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STRENGTH IMPROVEMENT OF LOOSE

SANDY SOILS THROUGH CEMENT


GROUTING

Submitted By
R K Bharadwaj
1st Sem M.E.
Under Guidance of
Dr. Vishwanath B
Assistant Professor
Geotechnical Engineering
Department of Civil Engineering
UVCE
CONTENTS

1. Introduction
2. Literature review
3. Materials
4. Strength improvement of loose sandy soils through grouting Benny et al.,
2013
5. Improvement of shear strength of loose sandy soils by grouting Santhosh
et al., 2012
6. Bearing capacity improvement of loose sandy foundation soils through
grouting Santhosh et al., 2011
7. Conclusions
8. References
INTRODUCTION
Ground improvements refers to any procedure undertaken to increase
the shear strength, decrease the permeability and compressibility.

The improvement may be accomplished by drainage, compaction,


preloading, reinforcement, grouting, electrical, chemical or thermal
methods.

Among the various soil stabilization procedures, the most suitable


one is selected depending upon the type of soil available, time, cost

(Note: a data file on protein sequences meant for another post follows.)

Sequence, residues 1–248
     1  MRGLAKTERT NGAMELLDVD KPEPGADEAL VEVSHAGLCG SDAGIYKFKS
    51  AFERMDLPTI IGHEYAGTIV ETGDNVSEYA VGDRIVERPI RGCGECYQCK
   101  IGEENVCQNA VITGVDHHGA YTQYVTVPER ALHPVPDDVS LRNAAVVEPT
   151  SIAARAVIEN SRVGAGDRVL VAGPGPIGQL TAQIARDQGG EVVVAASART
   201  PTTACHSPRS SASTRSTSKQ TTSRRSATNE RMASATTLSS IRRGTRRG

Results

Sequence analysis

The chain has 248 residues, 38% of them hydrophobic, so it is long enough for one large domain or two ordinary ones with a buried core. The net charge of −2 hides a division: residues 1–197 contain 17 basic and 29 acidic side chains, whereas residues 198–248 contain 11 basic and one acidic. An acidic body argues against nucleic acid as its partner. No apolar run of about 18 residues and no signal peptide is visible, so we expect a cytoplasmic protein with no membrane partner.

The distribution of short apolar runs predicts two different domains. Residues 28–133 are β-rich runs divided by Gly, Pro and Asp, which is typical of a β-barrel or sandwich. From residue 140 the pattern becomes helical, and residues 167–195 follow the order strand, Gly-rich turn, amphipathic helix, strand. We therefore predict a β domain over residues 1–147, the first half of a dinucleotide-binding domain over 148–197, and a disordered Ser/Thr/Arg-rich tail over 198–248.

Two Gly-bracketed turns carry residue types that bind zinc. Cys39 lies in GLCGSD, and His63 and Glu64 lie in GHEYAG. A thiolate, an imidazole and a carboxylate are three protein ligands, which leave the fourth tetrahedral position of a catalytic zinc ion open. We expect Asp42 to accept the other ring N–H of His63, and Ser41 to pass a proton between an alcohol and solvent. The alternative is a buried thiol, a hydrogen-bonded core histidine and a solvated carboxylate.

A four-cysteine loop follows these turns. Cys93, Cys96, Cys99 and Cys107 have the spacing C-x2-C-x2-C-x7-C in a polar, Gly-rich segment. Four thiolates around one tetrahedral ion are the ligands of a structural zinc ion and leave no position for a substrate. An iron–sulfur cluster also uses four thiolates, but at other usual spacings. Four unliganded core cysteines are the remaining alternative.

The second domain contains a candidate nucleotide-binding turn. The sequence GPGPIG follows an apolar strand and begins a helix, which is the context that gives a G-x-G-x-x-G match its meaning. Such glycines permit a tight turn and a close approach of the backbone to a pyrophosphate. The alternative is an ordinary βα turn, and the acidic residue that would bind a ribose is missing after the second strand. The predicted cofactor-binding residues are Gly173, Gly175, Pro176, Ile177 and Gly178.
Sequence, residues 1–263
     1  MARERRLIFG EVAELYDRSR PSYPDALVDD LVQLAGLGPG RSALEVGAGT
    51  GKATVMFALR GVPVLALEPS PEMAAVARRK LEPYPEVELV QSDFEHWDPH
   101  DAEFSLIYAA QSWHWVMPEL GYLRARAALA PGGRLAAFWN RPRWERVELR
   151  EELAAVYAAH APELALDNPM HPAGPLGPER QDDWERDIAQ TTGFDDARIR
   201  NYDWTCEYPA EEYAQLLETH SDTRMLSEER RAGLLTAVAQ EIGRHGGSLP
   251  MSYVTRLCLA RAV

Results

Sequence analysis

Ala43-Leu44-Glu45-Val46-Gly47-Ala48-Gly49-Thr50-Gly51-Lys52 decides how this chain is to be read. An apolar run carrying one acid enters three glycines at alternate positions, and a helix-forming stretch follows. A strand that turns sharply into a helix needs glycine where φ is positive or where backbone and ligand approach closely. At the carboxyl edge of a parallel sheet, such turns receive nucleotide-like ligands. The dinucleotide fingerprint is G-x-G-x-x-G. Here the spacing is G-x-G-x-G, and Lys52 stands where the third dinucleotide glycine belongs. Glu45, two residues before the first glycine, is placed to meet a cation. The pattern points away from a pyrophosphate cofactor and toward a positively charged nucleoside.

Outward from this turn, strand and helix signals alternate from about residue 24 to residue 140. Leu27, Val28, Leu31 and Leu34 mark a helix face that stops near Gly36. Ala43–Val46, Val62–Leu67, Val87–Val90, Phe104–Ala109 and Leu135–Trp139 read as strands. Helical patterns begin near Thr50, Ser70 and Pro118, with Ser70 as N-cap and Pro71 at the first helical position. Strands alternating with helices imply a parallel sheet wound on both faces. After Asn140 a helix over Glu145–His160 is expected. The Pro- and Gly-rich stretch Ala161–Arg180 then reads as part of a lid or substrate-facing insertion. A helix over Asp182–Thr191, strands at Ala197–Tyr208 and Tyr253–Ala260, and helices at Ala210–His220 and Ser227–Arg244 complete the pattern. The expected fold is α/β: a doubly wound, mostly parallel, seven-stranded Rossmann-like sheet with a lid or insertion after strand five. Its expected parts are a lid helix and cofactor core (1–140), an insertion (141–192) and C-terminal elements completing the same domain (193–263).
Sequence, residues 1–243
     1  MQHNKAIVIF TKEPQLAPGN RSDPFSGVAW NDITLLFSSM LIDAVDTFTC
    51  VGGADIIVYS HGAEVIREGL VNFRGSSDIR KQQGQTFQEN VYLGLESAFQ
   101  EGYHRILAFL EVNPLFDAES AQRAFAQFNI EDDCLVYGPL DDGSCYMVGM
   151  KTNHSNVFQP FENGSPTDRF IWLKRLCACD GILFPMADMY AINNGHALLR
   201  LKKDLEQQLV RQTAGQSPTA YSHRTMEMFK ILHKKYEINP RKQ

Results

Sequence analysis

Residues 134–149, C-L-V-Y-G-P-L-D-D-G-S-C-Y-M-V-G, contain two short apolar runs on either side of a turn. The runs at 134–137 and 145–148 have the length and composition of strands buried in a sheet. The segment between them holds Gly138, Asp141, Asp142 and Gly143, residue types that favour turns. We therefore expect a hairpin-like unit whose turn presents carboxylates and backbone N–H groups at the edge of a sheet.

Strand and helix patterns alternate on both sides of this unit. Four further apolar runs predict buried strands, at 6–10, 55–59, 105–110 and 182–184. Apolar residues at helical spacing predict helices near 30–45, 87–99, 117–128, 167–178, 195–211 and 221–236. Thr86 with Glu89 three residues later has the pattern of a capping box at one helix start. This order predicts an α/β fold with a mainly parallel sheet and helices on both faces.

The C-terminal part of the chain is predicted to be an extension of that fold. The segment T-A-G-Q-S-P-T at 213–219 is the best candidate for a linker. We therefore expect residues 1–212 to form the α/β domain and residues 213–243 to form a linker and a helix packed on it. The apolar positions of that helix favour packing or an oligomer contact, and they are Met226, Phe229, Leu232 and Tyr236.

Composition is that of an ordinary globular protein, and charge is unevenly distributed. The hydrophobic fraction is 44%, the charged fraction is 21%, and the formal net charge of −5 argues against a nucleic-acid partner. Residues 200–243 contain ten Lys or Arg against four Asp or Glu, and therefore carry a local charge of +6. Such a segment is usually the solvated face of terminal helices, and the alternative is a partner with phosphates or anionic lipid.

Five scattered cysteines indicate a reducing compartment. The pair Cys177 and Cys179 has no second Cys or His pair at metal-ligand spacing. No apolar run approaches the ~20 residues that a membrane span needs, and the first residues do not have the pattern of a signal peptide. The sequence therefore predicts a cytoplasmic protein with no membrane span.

involved etc.

Grouting is quite a familiar technique in the field of civil


engineering, especially in foundation engineering.
The primary purpose of grouting is to fill the voids of the formation
level by replacing the existing fluids with the grout and thereby
improving the engineering properties of the medium especially
reducing the permeability.

Grouting is effective in both sand and silt deposits.

As grouting reduces pore size and alters pore structure of soil, the
engineering properties such as strength, stiffness etc, are also
influenced to a great extent.
LITERATURE REVIEW
1. Benny Mathews Abraham et al., (2013) studied the effectiveness of
grouting in the pressure grouted sand bed compacted at its loose and
dense state for various cement content in the grout. Cement
percentages of 2, 4, 6% were used for the grouting. 4% of cement
grout was found to be more effective in medium sand compared to 2
and 6% of cement grout.

2. Santhosh Kumar et al., (2012) gave a alternative or possible


solutions for the foundation problems by improving the properties of
loose sandy soils at shallow depths by cement grouting. The effect
of various additives used in the cement on the shear strength was
studied. The shear strength of cemented grouted loose sandy soils
increase with cement content .
3. Santhosh Kumar et al., (2011) proposed grouting as one of the
possible solutions to the foundation problems of costal areas by
improving the properties of soil by grouting at shallow depths. .
Load tests were conducted for the study of bearing capacity of the